2. This morning I thought of a policy solution - tax on toys and kid's activities to promote social welfare programs! Seriously! The rich kids need less. The poor kids need more!

  3. The other issue is what to do with your time if you are not 'over-scheduled'. This blog is talking about how parents were selfish, had lots of chores for kids. This is in diametrically opposed (in my mind) against the idea of protecting your kids by being over-scheduled by having lots of free play. Should kids be left to their own devices to do what they want? Or, should an adult be telling them how to be helpful? Obviously, the extreme of factory work should not be repeated.

  4. Thanks Hawkeye & Eli...I've missed your voices! Hawkeye you're absolutely right it's not only a matter of curbing the onslaught from friends & relatives, but it's also helping the child understand the "deprivation" compared to peers. Anyone have any ideas?

    Eli - I love the policy solution - and it's so perfectly summarized - rich kids need less (stuff/activities) while poor kids need more. In a way the same problematic binary applies to regulation of education - assessments in some cases can serve poor districts (in other cases they're destructive, allowing private interests to shutter public schools) but in general they do not serve the rich schools with adequate resources to support students without significant oversight.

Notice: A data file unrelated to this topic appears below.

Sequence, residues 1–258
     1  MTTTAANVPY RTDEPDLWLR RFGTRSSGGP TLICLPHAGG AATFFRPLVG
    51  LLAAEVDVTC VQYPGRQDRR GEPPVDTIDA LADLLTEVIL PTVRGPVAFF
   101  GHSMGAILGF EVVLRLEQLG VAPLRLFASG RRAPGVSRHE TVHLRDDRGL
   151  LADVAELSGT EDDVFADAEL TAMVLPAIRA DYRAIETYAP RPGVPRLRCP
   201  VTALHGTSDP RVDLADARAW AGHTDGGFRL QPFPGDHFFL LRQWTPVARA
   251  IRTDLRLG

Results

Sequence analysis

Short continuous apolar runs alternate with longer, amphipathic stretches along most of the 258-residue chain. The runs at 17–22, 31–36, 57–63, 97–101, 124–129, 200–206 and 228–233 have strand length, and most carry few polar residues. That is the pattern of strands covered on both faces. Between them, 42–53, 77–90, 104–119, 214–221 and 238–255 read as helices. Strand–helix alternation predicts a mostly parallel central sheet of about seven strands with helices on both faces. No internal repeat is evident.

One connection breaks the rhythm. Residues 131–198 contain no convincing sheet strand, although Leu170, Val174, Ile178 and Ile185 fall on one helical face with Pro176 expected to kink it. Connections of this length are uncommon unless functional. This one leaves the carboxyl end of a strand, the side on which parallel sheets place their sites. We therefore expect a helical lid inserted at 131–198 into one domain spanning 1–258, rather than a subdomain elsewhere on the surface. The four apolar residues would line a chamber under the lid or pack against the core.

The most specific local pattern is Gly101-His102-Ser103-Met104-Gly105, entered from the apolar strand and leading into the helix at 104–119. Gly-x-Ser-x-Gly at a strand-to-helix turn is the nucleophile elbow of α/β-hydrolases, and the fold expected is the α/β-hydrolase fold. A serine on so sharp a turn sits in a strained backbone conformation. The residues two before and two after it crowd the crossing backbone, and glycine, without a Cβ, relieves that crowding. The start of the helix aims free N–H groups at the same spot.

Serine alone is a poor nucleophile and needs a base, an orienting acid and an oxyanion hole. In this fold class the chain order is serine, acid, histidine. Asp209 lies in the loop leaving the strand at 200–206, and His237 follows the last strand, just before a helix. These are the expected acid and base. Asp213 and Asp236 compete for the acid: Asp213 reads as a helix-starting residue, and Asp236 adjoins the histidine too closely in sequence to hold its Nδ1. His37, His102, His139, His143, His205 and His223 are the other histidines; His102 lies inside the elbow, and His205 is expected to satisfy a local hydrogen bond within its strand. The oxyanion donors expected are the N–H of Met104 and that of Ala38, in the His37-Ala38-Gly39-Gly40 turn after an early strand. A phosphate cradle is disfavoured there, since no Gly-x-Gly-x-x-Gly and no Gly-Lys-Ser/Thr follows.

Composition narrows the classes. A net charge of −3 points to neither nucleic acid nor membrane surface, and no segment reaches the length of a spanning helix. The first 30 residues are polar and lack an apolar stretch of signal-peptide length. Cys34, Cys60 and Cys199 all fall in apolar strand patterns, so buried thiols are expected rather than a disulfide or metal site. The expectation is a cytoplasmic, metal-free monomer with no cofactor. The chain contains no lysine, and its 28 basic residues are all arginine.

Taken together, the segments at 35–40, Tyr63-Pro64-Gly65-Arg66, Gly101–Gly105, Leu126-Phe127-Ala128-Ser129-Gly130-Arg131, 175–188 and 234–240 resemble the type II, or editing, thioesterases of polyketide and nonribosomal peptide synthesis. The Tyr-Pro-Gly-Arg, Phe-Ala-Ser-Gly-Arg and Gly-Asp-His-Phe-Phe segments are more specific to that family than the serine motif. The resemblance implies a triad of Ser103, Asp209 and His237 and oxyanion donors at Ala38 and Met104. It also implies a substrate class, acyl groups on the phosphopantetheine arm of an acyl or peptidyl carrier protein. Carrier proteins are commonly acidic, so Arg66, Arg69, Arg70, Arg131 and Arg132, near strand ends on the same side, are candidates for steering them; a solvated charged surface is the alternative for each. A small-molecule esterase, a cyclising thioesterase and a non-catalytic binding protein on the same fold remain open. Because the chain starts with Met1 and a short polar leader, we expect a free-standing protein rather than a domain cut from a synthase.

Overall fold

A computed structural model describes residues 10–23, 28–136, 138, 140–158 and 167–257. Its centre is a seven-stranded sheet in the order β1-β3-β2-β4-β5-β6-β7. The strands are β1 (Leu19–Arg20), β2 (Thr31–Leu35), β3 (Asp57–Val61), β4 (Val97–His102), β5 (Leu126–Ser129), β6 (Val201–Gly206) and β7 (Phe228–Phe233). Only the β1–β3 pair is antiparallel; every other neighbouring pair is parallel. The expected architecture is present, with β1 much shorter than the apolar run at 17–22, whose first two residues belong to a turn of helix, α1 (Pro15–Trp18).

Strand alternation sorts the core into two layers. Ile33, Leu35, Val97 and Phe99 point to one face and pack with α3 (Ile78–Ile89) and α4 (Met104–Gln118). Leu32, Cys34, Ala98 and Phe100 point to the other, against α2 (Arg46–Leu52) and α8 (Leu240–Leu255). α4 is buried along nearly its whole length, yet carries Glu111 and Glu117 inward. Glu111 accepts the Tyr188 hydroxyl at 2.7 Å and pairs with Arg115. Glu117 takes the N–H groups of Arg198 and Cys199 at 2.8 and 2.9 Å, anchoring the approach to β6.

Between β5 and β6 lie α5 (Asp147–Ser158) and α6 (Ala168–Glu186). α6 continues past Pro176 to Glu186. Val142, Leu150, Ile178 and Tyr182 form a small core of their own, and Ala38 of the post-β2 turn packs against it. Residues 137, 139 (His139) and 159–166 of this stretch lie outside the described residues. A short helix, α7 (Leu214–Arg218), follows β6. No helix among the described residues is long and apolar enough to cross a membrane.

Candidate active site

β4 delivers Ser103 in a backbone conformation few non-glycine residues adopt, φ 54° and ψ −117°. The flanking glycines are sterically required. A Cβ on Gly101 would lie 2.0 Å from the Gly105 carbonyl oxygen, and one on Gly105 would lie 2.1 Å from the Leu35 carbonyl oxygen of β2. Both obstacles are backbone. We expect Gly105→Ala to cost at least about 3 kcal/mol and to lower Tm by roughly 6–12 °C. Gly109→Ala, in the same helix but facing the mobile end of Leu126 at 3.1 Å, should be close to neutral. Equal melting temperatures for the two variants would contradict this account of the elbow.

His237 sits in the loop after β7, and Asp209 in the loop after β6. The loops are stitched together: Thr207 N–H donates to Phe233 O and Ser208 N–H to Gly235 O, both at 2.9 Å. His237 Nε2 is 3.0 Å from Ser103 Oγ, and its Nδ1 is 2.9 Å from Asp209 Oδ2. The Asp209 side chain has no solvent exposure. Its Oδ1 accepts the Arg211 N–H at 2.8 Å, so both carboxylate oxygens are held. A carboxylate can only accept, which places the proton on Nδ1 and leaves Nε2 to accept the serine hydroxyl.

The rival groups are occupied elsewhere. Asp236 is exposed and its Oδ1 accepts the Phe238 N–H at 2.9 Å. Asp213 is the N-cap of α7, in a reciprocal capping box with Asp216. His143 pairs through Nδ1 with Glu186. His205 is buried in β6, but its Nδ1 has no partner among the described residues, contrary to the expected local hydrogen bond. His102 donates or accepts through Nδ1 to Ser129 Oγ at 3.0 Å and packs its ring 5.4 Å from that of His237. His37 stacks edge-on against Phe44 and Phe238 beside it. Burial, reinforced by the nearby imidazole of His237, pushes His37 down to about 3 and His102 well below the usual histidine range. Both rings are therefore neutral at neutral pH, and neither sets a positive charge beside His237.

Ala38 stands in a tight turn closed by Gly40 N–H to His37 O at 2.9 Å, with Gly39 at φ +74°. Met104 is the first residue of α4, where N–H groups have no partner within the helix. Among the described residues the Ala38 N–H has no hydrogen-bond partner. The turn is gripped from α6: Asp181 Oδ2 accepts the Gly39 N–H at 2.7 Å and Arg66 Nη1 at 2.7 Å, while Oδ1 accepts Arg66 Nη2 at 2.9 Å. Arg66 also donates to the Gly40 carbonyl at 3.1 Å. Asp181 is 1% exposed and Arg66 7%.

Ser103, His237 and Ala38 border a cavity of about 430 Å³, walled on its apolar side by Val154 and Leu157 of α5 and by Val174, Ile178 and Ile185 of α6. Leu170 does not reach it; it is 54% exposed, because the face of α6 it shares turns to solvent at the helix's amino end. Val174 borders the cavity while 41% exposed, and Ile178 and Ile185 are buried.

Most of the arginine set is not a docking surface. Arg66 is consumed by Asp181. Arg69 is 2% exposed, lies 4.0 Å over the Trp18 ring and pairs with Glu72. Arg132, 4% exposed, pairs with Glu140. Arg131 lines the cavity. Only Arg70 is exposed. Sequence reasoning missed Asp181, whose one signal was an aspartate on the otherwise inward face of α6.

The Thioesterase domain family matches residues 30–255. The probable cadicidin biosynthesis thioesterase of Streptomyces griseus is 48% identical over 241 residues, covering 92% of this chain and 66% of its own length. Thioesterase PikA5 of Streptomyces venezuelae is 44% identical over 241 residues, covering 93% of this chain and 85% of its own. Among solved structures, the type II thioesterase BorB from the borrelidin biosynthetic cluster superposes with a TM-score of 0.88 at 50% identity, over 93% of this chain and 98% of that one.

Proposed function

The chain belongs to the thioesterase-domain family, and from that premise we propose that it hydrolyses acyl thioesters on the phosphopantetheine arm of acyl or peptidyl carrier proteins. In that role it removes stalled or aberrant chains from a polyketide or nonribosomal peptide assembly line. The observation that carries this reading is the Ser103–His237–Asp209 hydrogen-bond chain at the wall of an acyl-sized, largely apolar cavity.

Good point that the blog I pointed to - Rhonda Stephens' - referred back to a time of incredible parental indulgence/neglect. I did not adequately address the nuance or implications of her discussion. One is keeping your kids tethered to their responsibilities/chores, etc., the other is protecting their time for free play, which in many ways has more in common with the over-scheduling model. Both overscheduling & protecting free time for play are about (ostensibly) doing what is best for the child. Is there reasonable middle ground? Agreed the extreme of factory work shouldn't be repeated (!!) but I think kids should help out a bit more than they do on average in the socio-economic groups we're talking about. As I'm writing...I'm mixing myself all up in terms of what constitutes over-indulging a child -- it could be letting him or her take all the activities he wants, buying all the toys he wants, but it can also manifest I think in the attachment parenting extreme which is not necessarily tied to spending money or enrolling in activities, but still revolves around the parent trying to please the child endlessly.